I gave up on competitive busyness a long time ago. I now spend a lot of time (almost all time) being less busy doing exactly what I want to do. But I still feel the siren call. Because it’s bloody everywhere. Life has become one long sodding Doodle poll of everyone competing to show that they have fewer windows than everyone else because they are just so, sooooo busy. Busy, busy, busy!
I try to go the opposite way. When I have to fill in a Doodle poll (where you click on dates and times to show your socially shaming availability), I relish being able to reply: “I don’t need to fill this in. I am available whenever you need me.” I figure if I really want to do the thing being asked, this should almost always be the answer: “Just let me know when it is. I will be there.” Doodle is all about celebrating the modern ideal: “I’ll come when it’s convenient to me.” But if you really want to be there, you’ll be there.
The economist Tim Harford has a neat trick with dealing with over-busyness. Whenever anyone asks you to do anything, you have to imagine that they are asking you to do it today. If you would cancel whatever else you’re already doing today to do this thing instead, then you should say yes. If you would not drop everything do this thing, then say no now (in a nice way). Because otherwise you will find yourself looking for a reason to weasel out of it when it comes around. And you will have made yourself pointlessly busy.
We love to kid ourselves that everything we’re doing is urgent and important and necessary. We know secretly that it isn’t
Laura Vanderkam recently wrote a confessional in The New York Times in response to a survey last year that showed 61 per cent of working Americans said they “did not have time to do the things they wanted to do”. When you think about it, this is the epitome of craziness. Life should be all about doing the things you want to do. Indeed the very definition of insanity is to keep on doing the same thing and expecting a different result. If you’re not finding the time to do what you want to do, then what is the point of anything?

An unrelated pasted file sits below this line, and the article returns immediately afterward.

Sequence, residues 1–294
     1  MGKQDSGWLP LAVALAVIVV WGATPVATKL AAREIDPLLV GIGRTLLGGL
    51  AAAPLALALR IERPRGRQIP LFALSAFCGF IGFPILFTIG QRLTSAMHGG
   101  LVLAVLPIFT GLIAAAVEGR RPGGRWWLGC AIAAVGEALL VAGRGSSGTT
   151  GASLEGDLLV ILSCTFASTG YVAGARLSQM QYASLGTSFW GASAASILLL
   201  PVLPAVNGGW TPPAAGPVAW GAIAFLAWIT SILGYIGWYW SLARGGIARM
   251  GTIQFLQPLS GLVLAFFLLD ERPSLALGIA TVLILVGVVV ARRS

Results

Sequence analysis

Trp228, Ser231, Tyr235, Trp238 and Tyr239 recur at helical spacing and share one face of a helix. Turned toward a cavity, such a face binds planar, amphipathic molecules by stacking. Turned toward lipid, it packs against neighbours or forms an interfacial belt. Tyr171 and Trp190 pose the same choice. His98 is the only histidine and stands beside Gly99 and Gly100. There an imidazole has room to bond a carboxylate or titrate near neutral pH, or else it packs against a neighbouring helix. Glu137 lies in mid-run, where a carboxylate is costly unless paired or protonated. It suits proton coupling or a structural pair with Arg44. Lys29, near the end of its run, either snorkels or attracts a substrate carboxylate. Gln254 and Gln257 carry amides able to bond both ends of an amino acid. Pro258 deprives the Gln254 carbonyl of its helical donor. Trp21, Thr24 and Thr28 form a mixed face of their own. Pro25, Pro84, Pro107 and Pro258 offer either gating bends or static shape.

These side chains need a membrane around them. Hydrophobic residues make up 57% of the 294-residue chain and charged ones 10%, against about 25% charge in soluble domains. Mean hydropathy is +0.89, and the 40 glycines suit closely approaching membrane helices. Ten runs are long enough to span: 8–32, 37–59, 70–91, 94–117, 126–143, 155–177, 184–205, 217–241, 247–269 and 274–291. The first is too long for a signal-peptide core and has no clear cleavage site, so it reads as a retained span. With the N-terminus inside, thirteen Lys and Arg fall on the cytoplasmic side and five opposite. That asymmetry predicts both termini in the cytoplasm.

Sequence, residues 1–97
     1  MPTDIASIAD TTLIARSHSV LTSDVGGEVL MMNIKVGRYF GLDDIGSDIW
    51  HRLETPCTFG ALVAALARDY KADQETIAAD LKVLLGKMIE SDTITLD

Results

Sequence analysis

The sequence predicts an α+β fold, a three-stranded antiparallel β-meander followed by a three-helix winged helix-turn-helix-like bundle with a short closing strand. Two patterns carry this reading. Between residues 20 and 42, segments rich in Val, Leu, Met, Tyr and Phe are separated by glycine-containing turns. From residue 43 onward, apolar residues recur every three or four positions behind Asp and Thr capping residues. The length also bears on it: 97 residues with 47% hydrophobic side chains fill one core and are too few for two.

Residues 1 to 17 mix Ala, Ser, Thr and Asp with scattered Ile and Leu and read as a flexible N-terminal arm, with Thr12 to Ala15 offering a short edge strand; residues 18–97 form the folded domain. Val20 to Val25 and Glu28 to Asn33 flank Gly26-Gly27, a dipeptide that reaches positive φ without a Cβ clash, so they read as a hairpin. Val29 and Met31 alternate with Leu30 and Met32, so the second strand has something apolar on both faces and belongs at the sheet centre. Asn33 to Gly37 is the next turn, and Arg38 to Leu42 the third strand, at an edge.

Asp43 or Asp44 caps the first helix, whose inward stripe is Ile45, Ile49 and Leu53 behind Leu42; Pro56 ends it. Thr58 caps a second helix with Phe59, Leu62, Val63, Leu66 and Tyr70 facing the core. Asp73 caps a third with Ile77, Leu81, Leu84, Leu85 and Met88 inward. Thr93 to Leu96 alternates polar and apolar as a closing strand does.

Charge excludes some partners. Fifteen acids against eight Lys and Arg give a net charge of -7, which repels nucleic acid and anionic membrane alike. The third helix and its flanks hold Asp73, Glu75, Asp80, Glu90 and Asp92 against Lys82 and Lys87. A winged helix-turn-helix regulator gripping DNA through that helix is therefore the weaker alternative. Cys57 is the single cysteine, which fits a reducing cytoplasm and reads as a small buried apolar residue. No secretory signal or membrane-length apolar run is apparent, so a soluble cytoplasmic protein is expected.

Vanderkam realised this and began to log her time, splitting her life into 8,784 half-hour blocks over the course of a year. Although she admitted to wanting to compete in the maternal “Misery Olympics” by moaning about getting up in the night to feed babies (she had just had a fourth) and working while on holiday, instead she found “plenty of evidence of a calmer life”. Her data showed massages, more than 230 hours spent exercising, more than 300 hours spent reading and an average of 37 hours work a week. (She had estimated at least 50 hours a week.) In fact, she slept way more than she worked.
I don’t suggest we all start an anti-busyness log just to prove that we’re not as busy as we’d like to pretend that we are. But there’s a lesson here and it’s one about ego. Life is a gaping chasm of emptiness unless we fill it with meaning. (Just a little insight into my sunny world there. But it’s true.) Being busy with things we don’t want to do is not creating meaning. We love to kid ourselves that everything we’re doing is urgent and important and necessary. We know secretly that it isn’t. Down with busy. And down with Doodle. Up with doing less, which means more.